Changing Equations in Afghanistan

Anil Trigunayat

Afghanistan is mired in uncertainty and remains in a flux as the Taliban-led government asserts its rule over most parts of the country.

Some pockets of resistance remain especially in Panjshir where former Vice President Saleh calls himself Caretaker President in accordance with Article 67 of the Constitution of the Islamic Republic of Afghanistan. He is supported by Ahmed Masoud whose legendary father had given a run to the Taliban 1.0.

Tribalism and loyalty is the underlying theme and must be respected and understood. Capturing territory is one thing but ruling and governance and keeping it is a bigger challenge for the 12 Member Governing Council and several ministers in charge whose professional and educational capabilities are being questioned.

Hence, discussions with tribal and militia leaders are going on. Mere imposing the Sharia law in the Islamic Emirate of Afghanistan will not be able to keep the lid for too long. A generation has tasted the alternate model and freedoms and may not like to be subjugated to hardships and regressive ideologies unless their wants, needs and aspirations are taken care of by the new dispensation.

Time for that is running fast. The Taliban will be facing the crisis of domestic expectations of an impatient youth and an equally demanding international community.

If the western nations like the recently held meeting of G7 and institutions like IMF and World Bank and other humanitarian organisations take conditional and selective approaches on good behaviour of the Taliban, ordinary Afghans may be in for very difficult times ahead.

After exiting Afghanistan and consigning “the US to the Graveyard of Empires “in ignominy, US President Biden reiterated that “He will judge them (Taliban) by their actions.”

The whole world is hoping that the Talibani suave leadership can contain their grassroot guerrillas and come clean on what they promise to the world. Their capability to have a single somewhat modified narrative across their rank and file and to ensure that they will not cross the expected redlines is extremely difficult, if not impossible.

Same is the problem with their promise of not allowing terrorism and extremism against other countries from their soil. How much of a control will they have over the celebrating companions in Al Qaeda and Pakistan based terrorist groups as well as the strengthening of the Daesh (ISIS-K) is anybody’s guess.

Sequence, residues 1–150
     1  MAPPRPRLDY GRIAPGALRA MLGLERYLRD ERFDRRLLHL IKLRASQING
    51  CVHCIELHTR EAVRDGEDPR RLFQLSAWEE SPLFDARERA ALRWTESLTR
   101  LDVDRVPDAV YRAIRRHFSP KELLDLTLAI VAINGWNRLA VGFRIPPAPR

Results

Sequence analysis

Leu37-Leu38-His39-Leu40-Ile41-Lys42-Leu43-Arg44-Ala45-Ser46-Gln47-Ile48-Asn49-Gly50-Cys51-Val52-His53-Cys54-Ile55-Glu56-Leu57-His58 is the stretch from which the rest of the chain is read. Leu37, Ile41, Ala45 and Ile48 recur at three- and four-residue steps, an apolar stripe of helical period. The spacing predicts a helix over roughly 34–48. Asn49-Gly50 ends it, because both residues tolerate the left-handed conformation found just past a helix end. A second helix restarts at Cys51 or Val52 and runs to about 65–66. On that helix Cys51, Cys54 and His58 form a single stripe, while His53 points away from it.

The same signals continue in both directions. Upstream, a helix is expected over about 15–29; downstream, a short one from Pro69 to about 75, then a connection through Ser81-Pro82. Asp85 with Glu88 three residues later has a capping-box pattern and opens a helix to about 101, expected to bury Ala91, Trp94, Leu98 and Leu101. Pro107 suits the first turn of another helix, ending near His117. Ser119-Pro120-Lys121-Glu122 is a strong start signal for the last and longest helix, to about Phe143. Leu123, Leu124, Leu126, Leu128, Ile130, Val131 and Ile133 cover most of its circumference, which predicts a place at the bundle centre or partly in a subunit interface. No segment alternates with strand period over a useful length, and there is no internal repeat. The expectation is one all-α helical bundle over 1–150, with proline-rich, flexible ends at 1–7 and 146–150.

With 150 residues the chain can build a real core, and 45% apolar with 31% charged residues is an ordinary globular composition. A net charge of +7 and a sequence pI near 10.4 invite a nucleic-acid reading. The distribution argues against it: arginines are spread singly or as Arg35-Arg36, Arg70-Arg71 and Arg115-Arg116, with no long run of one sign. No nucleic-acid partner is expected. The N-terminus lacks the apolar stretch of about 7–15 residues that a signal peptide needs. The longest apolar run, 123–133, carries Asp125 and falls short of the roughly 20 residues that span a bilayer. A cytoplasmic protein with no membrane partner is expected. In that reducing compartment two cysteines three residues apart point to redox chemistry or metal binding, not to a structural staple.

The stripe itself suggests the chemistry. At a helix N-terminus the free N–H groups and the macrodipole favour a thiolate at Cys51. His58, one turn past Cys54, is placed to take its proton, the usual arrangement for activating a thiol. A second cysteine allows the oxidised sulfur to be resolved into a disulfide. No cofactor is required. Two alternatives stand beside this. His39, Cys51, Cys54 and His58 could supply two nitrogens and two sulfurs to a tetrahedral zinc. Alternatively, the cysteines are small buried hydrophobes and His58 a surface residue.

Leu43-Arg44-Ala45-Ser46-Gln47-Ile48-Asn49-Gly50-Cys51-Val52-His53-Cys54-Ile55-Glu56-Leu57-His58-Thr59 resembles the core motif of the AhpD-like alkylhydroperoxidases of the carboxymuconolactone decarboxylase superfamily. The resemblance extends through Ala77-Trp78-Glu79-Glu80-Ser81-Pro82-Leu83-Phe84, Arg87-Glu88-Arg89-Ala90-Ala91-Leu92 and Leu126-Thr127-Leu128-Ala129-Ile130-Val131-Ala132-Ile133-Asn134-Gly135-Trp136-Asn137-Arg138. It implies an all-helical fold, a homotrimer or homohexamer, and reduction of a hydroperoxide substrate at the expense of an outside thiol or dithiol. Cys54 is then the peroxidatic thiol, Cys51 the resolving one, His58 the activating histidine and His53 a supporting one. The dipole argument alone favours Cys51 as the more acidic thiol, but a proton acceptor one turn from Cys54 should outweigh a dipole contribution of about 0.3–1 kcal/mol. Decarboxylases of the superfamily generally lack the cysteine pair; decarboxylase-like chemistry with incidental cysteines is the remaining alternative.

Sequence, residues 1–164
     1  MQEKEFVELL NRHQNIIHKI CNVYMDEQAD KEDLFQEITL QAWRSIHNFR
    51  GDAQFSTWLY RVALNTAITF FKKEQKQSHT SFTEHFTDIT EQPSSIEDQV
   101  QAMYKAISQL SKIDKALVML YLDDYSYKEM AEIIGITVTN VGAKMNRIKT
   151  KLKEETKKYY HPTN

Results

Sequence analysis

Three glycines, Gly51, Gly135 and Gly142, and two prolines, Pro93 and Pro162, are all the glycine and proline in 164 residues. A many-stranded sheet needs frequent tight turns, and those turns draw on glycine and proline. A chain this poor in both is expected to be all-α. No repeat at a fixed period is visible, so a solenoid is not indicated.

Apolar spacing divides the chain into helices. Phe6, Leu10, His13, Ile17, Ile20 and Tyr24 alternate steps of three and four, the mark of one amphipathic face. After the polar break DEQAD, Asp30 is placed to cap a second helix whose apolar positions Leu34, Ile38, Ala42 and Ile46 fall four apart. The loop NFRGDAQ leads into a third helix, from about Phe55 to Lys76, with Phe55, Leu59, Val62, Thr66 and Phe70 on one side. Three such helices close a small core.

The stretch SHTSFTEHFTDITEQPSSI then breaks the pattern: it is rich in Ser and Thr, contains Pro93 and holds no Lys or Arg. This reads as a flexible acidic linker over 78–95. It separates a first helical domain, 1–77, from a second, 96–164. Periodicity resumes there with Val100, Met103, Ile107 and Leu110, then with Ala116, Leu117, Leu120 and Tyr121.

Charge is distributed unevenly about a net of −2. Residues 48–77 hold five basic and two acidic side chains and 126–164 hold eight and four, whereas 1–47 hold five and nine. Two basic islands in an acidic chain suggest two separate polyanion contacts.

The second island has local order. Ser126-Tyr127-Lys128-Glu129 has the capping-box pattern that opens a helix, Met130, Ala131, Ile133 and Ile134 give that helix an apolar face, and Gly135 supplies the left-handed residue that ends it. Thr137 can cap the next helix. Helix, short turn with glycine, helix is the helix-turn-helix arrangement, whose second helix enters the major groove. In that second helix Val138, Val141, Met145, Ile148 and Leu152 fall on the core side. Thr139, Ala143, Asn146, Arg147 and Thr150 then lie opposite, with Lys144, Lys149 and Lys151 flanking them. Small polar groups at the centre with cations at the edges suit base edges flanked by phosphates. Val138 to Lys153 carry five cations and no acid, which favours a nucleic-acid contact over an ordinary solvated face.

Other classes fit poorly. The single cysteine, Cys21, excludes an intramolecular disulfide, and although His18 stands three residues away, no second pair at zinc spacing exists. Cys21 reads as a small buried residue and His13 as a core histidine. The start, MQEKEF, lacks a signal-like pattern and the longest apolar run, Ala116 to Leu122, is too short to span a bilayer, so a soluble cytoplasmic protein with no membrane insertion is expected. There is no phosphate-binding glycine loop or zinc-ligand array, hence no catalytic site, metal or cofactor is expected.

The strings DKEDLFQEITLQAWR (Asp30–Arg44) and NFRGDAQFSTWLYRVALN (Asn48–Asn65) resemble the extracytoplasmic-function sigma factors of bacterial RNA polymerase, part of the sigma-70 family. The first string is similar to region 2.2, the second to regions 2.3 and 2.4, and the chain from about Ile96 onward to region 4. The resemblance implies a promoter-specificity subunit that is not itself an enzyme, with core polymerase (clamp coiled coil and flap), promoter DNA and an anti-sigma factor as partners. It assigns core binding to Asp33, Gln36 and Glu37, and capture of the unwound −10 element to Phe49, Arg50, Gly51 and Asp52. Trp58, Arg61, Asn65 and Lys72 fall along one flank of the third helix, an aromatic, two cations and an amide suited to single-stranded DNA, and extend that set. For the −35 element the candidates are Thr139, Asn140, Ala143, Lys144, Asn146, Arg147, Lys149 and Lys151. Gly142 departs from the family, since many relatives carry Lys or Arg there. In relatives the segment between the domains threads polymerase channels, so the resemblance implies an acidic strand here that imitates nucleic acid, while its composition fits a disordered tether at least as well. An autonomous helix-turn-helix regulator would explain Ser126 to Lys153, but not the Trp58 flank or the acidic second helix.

But any evidence of emanating terrorism or extremists would hold the Taliban accountable. Hence, the Taliban leadership unlike in the 1990s, are hedging their bets and spreading their risks by cultivating other major competing powers with the help of their progenitor – Islamic State of Pakistan.

While Islamabad remained a constant factor for refuge and sustenance during the last two decades, the Taliban have continued to fight and collaborate with the Americans while also branching out their outreach to China, Russia and Iran reading the geo-political dynamic.

Even if one were to cast aside the geo-political great game the geo economic reality especially for China has been a major fulcrum for their brotherhood with the Taliban and was clearly evident during the visit of Mullah Abdul Ghani Baradar with a high level delegation to China.

Apart from eyeing the Afghan-Central Asia bridge for BRI and CPEC and access to a trove of trillion dollar rare earths and minerals, Beijing is theoretically assured that the Uighurs and the Turkestan Islamic Movement will not be allowed to operate and create trouble in Xinjiang.

Also, on the plight of Uighurs, Kabul becomes another Muslim nation to consider it as an internal matter of China. Hence, early on not only China has retained its embassy secured by the Taliban fighters in Kabul but has also assured of financial assistance to the Taliban government as the western outfit will play the “carrot and stick “policy.